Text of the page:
Well, I'd argue that you are deceiving with the y axis as it is.. You should make the span of the y axis as small as is needed to illustrate the magnitude of change you are trying to show. If you want to be able to show a 10% change, you need to scale the y axis so a 10% change is visible.

How about this--what is the 1st point for rent and the last point?
If they are the same, then you are correct, that rents haven't risen.

Patrick   Sat, 21 Apr 2012, 7:44am PDT   Share   Quote   Permalink   Like   Dislike     Comment 14

justme says

Maybe even some grid lines that go all across instead of just tick marks.

Greyed-out grid lines are a good idea, but don't know how to do that in gnuplot. Got any example code?

tatupu70 says

You should make the span of the y axis as small as is needed to illustrate the magnitude of change you are trying to show.

The only honest graph shows the entire scale so you can clearly see the magnitude of any change in relation to the entire scale. Anything else is spin and marketing.

I didn't zoom anything out. Every graph on my site is always from zero, since I don't want to "lie with statistics" as the book so nicely explains.

Any significant percentage change will be clearly visible on an honest graph starting from zero.

tatupu70   Sat, 21 Apr 2012, 7:47am PDT   Share   Quote   Permalink   Like   Dislike (1)     Comment 15

Patrick says

The only honest graph shows the entire scale so you can clearly see the magnitude of any change in relation to the entire scale. Anything else is spin and marketing.
I didn't zoom anything out. Every graph on my site is always from zero, since I don't want to "lie with statistics" as the book so nicely explains.

Zooming in to adequately show the magnitude of change isn't deceiving. It's using the graph to serve the purpose. The graph you posted is pretty much useless because it can't show what it's intended to show.

You can't even see a 10% rise. I really think it's more deceiving as it is...

Do you have the first and last points?

Patrick   Sat, 21 Apr 2012, 8:07am PDT   Share   Quote   Permalink   Like   Dislike     Comment 16

I could get the first and last points, but why choose those? Because they seem to show a slight rise? Why not pick the peak around October and then the latest point?

What I'm trying to say is that arbitrary selection of two points to can always be done to spin things, and you see that the initial point I have is a bit lower than the latest point. So you might seize on that and say, look, these two points I choose prove my point, rents are rising. But obviously they are not, overall. They are fluctuating a bit. Believe your eyes.

Patrick   Sat, 21 Apr 2012, 8:10am PDT   Share   Quote   Permalink   Like   Dislike     Comment 17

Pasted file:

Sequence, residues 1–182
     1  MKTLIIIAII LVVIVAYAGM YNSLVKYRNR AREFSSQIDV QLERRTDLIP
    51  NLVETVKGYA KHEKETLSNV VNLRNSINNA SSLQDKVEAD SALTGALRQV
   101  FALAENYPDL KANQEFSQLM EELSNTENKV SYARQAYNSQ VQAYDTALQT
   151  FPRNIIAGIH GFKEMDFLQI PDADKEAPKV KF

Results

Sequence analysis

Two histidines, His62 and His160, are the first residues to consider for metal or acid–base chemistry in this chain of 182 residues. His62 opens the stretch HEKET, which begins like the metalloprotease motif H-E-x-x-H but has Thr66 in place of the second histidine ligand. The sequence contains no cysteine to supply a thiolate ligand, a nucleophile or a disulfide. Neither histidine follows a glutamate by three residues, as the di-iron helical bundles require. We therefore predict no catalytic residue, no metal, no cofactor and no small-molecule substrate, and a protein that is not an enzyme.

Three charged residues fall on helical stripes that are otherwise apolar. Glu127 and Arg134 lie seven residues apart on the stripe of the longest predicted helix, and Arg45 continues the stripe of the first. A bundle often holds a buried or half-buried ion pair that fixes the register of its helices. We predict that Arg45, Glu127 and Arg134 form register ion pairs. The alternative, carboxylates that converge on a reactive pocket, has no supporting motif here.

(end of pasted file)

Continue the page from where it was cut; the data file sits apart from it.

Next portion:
orbitron says

I guess that change in debt isn't significant either...

The percentage change will be clearly visible if and only if you graph from zero. You can always zoom in arbitraily far to make an insignificant change look huge, but that's a kind of lying.

If you can't see a change in the national debt on a graph starting from zero, how significant could that change really be?

tatupu70   Sat, 21 Apr 2012, 8:14am PDT   Share   Quote   Permalink   Like   Dislike (1)     Comment 18

Patrick says

I could get the first and last points, but why choose those? Because they seem to show a slight rise? Why not pick the peak around October and then the latest point?

Well, if you are trying to determine if rents have risen over the past year, then the starting and ending points are pretty important.

Futher, if the points are significantly different (say 10%), then it shows your graph is deceiving. And the book's practice of starting every graph at zero is simplistic at best.

Patrick   Sat, 21 Apr 2012, 8:40am PDT   Share   Quote   Permalink   Like   Dislike     Comment 19

orbitron says

How about you make the Y size of your graph 3x as large and the X size 1/2 as large as what you have above and let us compare the two? They would both still start at zero. Can you please try this?

Wouldn't fit nicely on http://patrick.net/housing/graphs.php?uaddr=san+francisco%2C+ca anymore.

But wait a few minutes and I'll make the data available to Patrick.net Premium members.

tatupu70   Sat, 21 Apr 2012, 8:47am PDT   Share   Quote   Permalink   Like   Dislike     Comment 20

How about this--can you do a best fit? The equation would tell you if rents were rising or not.

bmwman91   Sat, 21 Apr 2012, 9:05am PDT   Share   Quote   Permalink   Like   Dislike     Comment 21

Patrick, shoot me the raw data. We can determine if there is a STATISTICALLY SIGNIFICANT change in rents over the time span given in the OP. If you have data from a few years ago to add in, that would be cool too.

In short, I'd fit a line to the rents, add a confidence interval to the fit, and then see if the mean rent falls within that CI. If the mean lies within the CI bands, then there is no statistically significant change (it's just noise).